These times of solitude recharge his emotional, spiritual and physical batteries. Befriending and working with people drains us of energy that needs to be replenished. And Jesus is almost always surrounded by people, wanting time, attention, some need or other.

Besides his disciples Jesus was rarely without a crowd around him. His own personal space was constantly invaded – not just in terms of time but in actual physical contact. Throughout the gospels a picture builds of someone under incessant pressure.

Jesus ensures that priority is given to days away. Throughout his life he fleshes out the resolve he’s made in the wilderness “your will, not mine”. A Catholic writer says this of Jesus “He is not in bondage to the need to achieve, nor neurotic about the success of his mission, nor puffed up by popularity, he is free.”

And because he is free, he flatly refuses to submit to “the tyranny of the urgent”. He refused to allow the disciples or the crowd or the Pharisees or anyone else dictate the agenda. He lets God set the agenda and he says a firm “no” to anything that is clearly not from God.

Jesus made it a discipline in his life to return to the wilderness whenever there was a need for spiritual refreshment or enabling.

Mark 1:35 says: ‘Very early in the morning, while it was still dark, Jesus got up, left the house, and went off to a solitary place, where he prayed’. There are enough similar texts, to show that Jesus made a regular practice of going back to the ‘wilderness' and they imply that he invites us to follow his example.

In spiritual terms, the wilderness offers retreat from the mundane things of life, where in the quietness; the deeper things of God can be found and discovered. It is a place to return from, in order to undertake particular tasks; and a place to return to, when further resource is needed.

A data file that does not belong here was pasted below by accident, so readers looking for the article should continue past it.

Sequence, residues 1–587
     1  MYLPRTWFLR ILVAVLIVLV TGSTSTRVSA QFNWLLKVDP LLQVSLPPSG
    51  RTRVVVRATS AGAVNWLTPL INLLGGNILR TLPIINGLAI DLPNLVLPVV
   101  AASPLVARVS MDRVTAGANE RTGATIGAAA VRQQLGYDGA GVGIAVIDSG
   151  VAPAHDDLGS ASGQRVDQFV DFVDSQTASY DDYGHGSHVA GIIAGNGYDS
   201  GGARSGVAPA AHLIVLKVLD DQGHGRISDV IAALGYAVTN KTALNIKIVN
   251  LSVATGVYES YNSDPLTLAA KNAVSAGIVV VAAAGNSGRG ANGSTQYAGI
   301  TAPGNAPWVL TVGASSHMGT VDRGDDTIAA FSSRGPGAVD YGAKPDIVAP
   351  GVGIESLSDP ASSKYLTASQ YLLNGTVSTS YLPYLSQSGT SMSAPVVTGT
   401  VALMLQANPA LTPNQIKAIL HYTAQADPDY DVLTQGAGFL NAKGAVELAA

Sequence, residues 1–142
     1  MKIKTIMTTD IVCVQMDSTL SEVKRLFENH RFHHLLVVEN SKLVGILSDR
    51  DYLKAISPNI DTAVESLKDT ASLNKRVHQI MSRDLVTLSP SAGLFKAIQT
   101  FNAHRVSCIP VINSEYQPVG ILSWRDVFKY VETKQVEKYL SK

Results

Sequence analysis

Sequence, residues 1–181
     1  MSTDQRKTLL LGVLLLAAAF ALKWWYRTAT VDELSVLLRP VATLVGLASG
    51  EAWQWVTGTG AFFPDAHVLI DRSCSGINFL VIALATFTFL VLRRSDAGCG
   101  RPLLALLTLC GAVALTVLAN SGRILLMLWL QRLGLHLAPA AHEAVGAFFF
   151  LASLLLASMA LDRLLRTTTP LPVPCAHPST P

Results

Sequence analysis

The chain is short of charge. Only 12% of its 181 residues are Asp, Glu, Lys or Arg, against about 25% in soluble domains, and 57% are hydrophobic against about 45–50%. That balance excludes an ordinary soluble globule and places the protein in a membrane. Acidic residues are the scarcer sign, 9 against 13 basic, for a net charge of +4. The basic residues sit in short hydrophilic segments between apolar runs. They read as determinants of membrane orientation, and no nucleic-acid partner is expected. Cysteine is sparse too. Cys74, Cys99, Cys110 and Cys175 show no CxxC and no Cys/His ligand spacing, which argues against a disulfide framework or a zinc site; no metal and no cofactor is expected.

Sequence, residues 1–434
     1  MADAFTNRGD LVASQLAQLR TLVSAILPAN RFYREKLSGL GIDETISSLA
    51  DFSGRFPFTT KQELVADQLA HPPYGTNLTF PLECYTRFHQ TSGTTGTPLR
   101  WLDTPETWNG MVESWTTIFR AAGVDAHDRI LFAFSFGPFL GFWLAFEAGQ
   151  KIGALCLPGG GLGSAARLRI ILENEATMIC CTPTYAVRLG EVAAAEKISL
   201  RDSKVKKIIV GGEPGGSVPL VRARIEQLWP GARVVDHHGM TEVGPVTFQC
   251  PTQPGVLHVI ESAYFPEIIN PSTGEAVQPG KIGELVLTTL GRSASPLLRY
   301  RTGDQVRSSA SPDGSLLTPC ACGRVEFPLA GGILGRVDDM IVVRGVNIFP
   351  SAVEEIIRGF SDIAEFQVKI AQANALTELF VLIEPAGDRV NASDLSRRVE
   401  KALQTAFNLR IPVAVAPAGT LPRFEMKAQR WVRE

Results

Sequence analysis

Where are the places you go to re-charge your spiritual batteries?
Do you have a special place?
How do you keep your relationship with Jesus focussed?
Have you ever been on a retreat? Details?
Would you ever go on a retreat?

The desert – is a place for us

Since Jesus was so radically formed by the wilderness, his life-motto “written” and crystallised; his goals clarified; envisioned and empowered and re-energized with love, perhaps we shouldn’t be surprised when we find ourselves in a desert-like place. Instead of feeling guilty or afraid to admit that we’re wandering in a spiritual wilderness, perhaps like Jesus we should accept the worst and best the wilderness offers?

Perhaps if we did we could look back on our wilderness experiences with awe and gratitude, certainly with a different prospective? Perhaps this would enable us to learn more from the wilderness lessons.

Wilderness experiences make a positive contribution to life – if we let them.

In our spiritual journeys, it does not take us very long to find our personal wilderness. What do we discover there; and how do we respond to what we find? Are we afraid? Is our wilderness a place that is parched and barren? Is it lonely; desolate or sad? Do we wander alone, feeling that we’ve lost contact with God, with others – even ourselves. The wilderness has been called a place of abandonment so our prayer could be an echo of Jesus words “My God, my God, why have you forsaken me?”

From the experience of Jesus, and from our own, we know that the 'wilderness' can be a place of trial and temptation. In overcoming, Jesus clearly demonstrated the enabling power of the true 'wilderness' experience; particularly when he returned from that place, and began his ministry.

And so it can be with us, the 'wilderness' is the place where deeper levels of God’s love are found; and the place to which there must often be a returning.